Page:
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Hesperian partner in Nepal featured on Global Motherhood blog

December 19, 2014

2014-12-10-CarryingFodder-thumbEven your creased, well-thumbed copy of Where There is No Doctor is no substitute for receiving attention from a compassionate and well-trained health care provider. In a recent piece on the Huffington Post’s Global Motherhood Blog, anthropologist Elisabeth Enslin describes how she used Where There Is No Doctor to advise her neighbors, who were reluctant to go to clinics after “they’d had their concerns dismissed, been sold expensive medicines or exams with dubious benefits, been chastised, misdiagnosed, misunderstood, inconvenienced, lost work time waiting for all-too-brief exams, been looked down on for their skin color, ethnic status, poverty, and/or gender.” Although she found that Where There is No Doctor provided “practical and thoughtful” solutions to many problems, she longed to be able to refer her Nepali advice-seekers to health services that would treat them with the respect and care they deserved.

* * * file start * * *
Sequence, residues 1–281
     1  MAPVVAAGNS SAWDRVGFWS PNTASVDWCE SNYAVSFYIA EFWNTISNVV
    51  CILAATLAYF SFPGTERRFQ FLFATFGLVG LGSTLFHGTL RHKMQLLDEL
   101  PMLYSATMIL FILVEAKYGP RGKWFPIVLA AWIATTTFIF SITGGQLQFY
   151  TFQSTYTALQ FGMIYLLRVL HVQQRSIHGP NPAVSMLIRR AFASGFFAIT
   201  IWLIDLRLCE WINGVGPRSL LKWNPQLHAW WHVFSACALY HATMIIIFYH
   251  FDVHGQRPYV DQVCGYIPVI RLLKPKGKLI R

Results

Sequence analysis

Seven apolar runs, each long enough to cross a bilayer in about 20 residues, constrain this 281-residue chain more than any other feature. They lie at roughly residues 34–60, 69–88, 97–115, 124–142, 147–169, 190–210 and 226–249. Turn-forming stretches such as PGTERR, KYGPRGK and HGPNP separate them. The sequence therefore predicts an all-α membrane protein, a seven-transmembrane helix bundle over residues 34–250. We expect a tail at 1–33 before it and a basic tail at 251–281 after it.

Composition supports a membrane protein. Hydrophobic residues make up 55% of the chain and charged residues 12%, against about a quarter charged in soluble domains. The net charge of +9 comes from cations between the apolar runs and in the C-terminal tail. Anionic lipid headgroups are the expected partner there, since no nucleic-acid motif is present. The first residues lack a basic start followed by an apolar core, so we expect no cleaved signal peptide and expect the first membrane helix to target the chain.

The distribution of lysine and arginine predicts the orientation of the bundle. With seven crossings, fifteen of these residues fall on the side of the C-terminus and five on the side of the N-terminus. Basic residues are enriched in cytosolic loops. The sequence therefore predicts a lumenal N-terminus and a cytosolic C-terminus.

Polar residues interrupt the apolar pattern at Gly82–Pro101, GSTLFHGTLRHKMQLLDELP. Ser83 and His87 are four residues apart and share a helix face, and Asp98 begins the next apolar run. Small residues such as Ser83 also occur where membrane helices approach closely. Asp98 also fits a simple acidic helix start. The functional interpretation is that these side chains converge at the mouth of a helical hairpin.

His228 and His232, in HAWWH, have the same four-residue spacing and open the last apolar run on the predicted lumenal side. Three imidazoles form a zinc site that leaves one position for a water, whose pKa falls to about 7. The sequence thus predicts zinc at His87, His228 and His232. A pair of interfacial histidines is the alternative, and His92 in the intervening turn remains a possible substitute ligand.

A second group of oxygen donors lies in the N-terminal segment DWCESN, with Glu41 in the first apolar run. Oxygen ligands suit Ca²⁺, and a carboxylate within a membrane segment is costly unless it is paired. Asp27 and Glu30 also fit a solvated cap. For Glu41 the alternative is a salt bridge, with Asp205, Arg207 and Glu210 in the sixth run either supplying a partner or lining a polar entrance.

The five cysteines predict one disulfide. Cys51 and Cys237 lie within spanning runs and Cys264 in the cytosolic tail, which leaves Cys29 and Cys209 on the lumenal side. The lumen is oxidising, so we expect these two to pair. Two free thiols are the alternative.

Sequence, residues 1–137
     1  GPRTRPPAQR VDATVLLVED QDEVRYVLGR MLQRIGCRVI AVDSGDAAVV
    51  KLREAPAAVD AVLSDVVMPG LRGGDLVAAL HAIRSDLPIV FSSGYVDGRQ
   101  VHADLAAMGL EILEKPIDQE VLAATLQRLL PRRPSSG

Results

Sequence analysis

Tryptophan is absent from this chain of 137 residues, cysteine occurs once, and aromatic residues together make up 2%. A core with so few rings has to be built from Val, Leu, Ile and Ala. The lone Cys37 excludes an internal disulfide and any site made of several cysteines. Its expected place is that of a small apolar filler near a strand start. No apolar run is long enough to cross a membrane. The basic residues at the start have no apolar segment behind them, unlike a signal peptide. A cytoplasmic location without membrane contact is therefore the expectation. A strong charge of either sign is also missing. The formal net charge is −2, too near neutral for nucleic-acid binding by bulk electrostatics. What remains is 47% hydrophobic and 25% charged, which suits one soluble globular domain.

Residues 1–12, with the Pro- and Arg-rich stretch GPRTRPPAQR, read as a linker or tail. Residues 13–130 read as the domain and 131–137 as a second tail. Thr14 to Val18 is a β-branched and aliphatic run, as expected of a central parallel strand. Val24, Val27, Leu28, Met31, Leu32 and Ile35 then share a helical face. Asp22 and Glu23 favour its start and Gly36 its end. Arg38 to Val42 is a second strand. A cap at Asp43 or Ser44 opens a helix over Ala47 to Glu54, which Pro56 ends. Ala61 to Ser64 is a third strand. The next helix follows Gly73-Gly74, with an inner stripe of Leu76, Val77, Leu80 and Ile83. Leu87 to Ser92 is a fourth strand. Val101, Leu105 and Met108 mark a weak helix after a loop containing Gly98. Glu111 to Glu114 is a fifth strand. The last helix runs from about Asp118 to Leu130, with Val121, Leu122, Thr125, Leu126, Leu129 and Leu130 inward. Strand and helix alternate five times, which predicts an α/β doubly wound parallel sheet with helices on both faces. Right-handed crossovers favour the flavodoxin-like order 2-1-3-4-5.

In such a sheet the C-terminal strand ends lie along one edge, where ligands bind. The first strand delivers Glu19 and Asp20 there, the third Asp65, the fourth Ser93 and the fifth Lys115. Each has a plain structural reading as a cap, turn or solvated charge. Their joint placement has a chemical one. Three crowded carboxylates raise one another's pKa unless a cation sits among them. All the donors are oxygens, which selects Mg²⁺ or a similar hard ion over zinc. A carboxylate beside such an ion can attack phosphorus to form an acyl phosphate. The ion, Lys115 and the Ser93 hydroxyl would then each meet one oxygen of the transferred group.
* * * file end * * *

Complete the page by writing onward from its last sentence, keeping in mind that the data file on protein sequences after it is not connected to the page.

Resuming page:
And then she found the Rural Health Education Service Trust (RHEST). For over twenty years, RHEST has been Nepal’s outstanding resource for women’s health information and services, operating mobile reproductive health clinics in remote areas, providing funds for surgeries, and training health care workers to train, treat, and prevent women’s health problems. The organization is working to increase awareness about the prevention and treatment of obstetric fistula and uterine prolapse, two common ailments in rural Nepal often left undiagnosed and undiscussed.

RHEST, and its founder Dr. Aruna Uprety, are longtime Hesperian partners. Most recently, Aruna collaborated with Hesperian in the writing of Health Actions for Women, which will be released on February 1st. RHEST also field-tested several chapters of the book, providing valuable insights about how to improve it, making it more useful to community health workers and educators working to cultivate women’s health and organize to address causes of poor health for women and girls in their communities. Dr. Uprety, and her team of Nepali translators, doctors, midwives, and community-based groups, produced Nepali editions of A Book for Midwives, Where Women Have No Doctor, and  A Health Handbook for Women With Disabilities, all of which are also available from Hesperian.

We learn so much from partners like RHEST, and appreciate the work they do to promote health and justice around the world. Such partnerships help us in our goal of developing the most informative and accessible health resources in the world. RHEST, and other organizations like them, are the reason our books are translated into 95 languages. And we can’t sing their praises enough!